With spotlights shining on rappers like MIKE and AKAI SOLO, NYC based rising stars of a burgeoning lo-fi poet MC movement in Hip-Hop, one of the scene’s most prolific and honest lyricists is coming straight out of Charlotte: MAVI. The young artist recently blessed streaming platforms with End of the Earth a five-track appetizer for his upcoming album Shango, slated for release in 2021. This intermediary gesture, however, is more than enough to hold us over. The prodigiousness he displays as a wordsmith and storyteller provides ample reason to keep our eyes peeled for his inevitable upward trajectory as an artist and forward thinker.
The senior at Howard attained notoriety for his appearance on Earl Sweatshirt’s Feet of Clay in 2019, spitting the introductory verse on “EL TORO COMBO MEAL.” On this track the pair demonstrate a mastery of the tormented cadence prominent in their discographies—prioritizing stream of consciousness vulnerability over punchline enunciation. The cosign was punctuated by Earl’s production credit on MAVI’s debut album in the same year, let the sun talk. His flows on this new EP employ his trademark delivery with an even more composed and refined approach.
For starters, Mavi’s production selection is significantly less spacious than the lo-fi pianos chords riddled throughout his other releases. These beats prompted focused, rapid-fire confessions and rendered those crooning moments even more impactful. The mixing favors MAVI’s voice as to not encumber his pen game, and his vocal rasp nearly borders on ASMR. This creep towards conventional rap tempos culminates in the middle track “METHODS”, which is composed by Nephew Hesh, the sole returner from his first album. The beat boasts an 808 kickdrum and is the closest the young bard comes to a tried and true banger. The song’s narrative aligns with the sonic backdrop, regaling themes of the cognitive dissonance posed by nature. These themes show up in the form of the sinful influence of his environment and peers, and are nurtured by counsel from his computer programmer father and educational prospects. MAVI intricately spits, “What it was, ain’t bring a pencil to school look how I wrote/ Not a thug, raised with a father who taught me how to clutch,” revealing his precocious self-awareness and wisdom in navigating this seemingly conflicted messaging. He rectifies this with a fatalistic take on his innate talents and resolves to accept his role as a community leader rapping,“Ultimately the trident his they in love with the wave/ Ultimately this entire shit my governance mayor.”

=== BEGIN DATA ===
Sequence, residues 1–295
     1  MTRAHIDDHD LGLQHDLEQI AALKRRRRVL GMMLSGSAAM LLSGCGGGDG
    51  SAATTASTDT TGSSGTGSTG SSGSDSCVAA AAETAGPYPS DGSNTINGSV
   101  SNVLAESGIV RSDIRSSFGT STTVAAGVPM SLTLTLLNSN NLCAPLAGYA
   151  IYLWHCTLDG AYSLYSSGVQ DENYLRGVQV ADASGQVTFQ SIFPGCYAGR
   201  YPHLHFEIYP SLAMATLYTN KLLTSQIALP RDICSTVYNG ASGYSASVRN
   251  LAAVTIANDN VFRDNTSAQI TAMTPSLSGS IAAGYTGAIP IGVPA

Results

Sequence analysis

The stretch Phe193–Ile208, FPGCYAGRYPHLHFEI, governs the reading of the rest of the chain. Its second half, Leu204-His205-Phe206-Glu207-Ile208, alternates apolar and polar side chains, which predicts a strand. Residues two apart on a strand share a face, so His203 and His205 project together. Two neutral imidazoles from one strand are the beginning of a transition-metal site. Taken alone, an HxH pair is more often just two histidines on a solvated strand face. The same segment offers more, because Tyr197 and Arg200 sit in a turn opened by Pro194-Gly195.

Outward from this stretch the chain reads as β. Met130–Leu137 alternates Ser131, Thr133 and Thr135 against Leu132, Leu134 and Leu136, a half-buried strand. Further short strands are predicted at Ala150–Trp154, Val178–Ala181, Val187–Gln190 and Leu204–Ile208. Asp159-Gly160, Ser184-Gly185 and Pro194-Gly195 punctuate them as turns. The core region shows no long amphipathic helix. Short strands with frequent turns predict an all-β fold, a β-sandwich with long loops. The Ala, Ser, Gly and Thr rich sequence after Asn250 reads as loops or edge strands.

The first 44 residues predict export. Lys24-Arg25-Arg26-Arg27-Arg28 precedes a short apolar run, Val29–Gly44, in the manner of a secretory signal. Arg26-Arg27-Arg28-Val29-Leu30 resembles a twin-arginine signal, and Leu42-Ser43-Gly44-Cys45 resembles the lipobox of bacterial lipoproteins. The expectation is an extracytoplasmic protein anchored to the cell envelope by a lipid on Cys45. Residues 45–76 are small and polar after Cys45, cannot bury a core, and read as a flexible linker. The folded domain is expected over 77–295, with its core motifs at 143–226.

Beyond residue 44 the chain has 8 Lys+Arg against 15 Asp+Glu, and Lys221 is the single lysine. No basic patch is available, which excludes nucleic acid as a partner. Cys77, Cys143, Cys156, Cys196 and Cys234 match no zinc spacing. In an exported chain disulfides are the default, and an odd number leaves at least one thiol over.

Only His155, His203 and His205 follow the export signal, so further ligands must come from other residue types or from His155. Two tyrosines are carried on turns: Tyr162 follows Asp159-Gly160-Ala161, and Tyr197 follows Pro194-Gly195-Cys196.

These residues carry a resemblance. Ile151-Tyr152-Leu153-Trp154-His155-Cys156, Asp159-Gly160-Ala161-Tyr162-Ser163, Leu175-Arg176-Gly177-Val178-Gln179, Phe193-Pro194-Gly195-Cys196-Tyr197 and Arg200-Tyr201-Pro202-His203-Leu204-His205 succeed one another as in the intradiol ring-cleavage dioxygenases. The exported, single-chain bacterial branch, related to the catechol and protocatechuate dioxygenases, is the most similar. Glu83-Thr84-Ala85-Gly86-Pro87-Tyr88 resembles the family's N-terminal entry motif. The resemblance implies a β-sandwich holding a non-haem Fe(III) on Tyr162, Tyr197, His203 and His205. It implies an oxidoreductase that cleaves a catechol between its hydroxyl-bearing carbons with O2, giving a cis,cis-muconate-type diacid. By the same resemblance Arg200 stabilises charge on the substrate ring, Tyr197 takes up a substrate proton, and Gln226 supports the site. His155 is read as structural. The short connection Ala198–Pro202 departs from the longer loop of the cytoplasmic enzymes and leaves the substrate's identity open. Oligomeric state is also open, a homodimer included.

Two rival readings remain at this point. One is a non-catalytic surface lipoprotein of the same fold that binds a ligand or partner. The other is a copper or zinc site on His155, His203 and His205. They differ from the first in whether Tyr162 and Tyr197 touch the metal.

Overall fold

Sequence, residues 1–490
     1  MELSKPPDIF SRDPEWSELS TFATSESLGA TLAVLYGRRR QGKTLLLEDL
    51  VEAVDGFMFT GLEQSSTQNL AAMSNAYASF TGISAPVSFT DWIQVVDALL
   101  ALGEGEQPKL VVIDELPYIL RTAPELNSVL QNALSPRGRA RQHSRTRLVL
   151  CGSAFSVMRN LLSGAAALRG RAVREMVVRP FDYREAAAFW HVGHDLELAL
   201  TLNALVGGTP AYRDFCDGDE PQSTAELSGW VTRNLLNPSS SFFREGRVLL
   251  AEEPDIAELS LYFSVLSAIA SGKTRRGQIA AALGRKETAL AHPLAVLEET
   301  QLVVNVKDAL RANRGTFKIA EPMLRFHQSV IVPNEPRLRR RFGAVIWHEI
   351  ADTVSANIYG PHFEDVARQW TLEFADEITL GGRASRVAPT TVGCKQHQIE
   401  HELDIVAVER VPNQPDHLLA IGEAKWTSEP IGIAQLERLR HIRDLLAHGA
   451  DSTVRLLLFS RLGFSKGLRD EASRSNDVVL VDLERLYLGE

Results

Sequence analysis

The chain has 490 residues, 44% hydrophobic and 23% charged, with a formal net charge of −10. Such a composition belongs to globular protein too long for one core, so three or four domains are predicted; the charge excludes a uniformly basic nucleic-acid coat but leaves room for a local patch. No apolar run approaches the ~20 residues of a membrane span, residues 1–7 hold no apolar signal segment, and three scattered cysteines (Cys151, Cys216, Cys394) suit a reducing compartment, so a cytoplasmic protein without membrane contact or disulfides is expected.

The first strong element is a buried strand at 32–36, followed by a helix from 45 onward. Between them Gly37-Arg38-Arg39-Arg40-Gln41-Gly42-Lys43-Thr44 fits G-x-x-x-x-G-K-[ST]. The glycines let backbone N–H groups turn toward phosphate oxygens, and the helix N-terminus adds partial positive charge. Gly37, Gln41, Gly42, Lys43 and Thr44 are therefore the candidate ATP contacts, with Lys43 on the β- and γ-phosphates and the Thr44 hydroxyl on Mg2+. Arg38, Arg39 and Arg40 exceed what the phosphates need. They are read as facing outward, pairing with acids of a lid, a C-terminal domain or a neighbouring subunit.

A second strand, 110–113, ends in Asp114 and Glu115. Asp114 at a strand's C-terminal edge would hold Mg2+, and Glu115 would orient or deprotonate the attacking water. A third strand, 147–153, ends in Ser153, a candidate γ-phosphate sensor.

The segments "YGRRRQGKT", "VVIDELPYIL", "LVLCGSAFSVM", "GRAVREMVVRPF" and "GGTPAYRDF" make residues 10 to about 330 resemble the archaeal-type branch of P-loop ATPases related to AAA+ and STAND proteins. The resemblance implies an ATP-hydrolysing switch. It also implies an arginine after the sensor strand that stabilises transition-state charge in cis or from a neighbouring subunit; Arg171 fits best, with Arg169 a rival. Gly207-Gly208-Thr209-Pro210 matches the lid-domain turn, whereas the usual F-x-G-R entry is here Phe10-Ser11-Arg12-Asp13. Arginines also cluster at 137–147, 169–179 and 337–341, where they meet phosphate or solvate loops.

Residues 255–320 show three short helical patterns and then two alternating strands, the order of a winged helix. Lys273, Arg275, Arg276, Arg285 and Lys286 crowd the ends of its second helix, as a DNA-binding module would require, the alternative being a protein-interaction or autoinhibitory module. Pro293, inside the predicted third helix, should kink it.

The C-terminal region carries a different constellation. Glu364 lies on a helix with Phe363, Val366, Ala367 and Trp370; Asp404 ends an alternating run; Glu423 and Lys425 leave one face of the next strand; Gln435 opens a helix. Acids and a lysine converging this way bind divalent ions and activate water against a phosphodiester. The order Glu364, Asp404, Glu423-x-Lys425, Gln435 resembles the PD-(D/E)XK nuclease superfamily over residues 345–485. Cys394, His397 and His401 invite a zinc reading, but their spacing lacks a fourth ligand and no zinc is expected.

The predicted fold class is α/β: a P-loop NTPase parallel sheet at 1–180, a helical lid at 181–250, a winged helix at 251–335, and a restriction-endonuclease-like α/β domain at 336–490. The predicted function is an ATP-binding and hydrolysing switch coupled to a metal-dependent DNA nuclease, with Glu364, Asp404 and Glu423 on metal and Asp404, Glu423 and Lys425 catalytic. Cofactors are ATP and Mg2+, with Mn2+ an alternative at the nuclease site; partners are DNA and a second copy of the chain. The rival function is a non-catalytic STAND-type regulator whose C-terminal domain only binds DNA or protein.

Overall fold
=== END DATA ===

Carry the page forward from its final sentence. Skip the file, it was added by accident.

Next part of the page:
This song also possesses one of MAVI’s many timely uses of repetition such as, “Ion condone but…” driving home his empathy. These glimmers of simplicity help decipher the complex lamentations throughout the tape and provide refreshing emphasis for a rapper who shies away from conventional song structure. The most captivating instance of repetition occurs in the opening track “TIME TRAVEL”, which frames the collective struggle of Black people as an agent of temporal compression and reinforced heritage that has been part of the Diaspora’s lineage since we first touched down in Jamestown. The line “This that skin you travel time through/ that ginger juice fronto/ Journalism gonzo, us herded in the Apollo,” hits particularly hard when understanding how universal the concept of the Apollo Theater is to Black people across America . The refrains on the project merely scratch the surface of lyrical richness, but they are all reliable and rhythmic encapsulations.
From the cover to the rhymes therein, MAVI pays homage to beloved poet Shel Silverstein, whose work “Where the Sidewalk Ends” inspired the title and album art. Shel is an author adept at conjoining words to craft dark and chilling tales with a whimsical lilt, and MAVI clearly has a similar penchant for the foreboding yet inviting world of storytelling. MAVI evades the need for blunt imagery to convey his pain—he is a rare aberration to the “show don’t tell” rule, and I find him more than deserving to wield this nostalgic mantle. Some of his most cutting lines are whispered castaways, such as the concluding lines on the sleeper track “LIFE WE LIVE” where he mumbles “Ion know if hills got eyes but sure know pills do/Million just in Gifts from god they picking up mildew/Still alive I just don’t feel it.” On a track detailing the sense of inadequacy in his school/musician balance, this appears to be a truth so dear he struggles to articulate it clearly. The technical proficiency of MAVI’s schemes superimposed onto a cavern of meaning makes his style enjoyable on multiple depths of engagement.
As a lyric interpretation hobbyist, I personally cannot get enough of his ability to weave his personal interactions into the larger quilt of Black liberation, a prevailing theme in his discography and an end-goal that operates on several scales. I also find his candor about the gradual osmosis of “professional rapper” into his identity particularly touching, since honing the power of one’s artistic voice is sometimes a leap of faith. If this brief exhibition is his warm-up for Shango, I am gearing up for a long day of appreciation and awe on genius.com.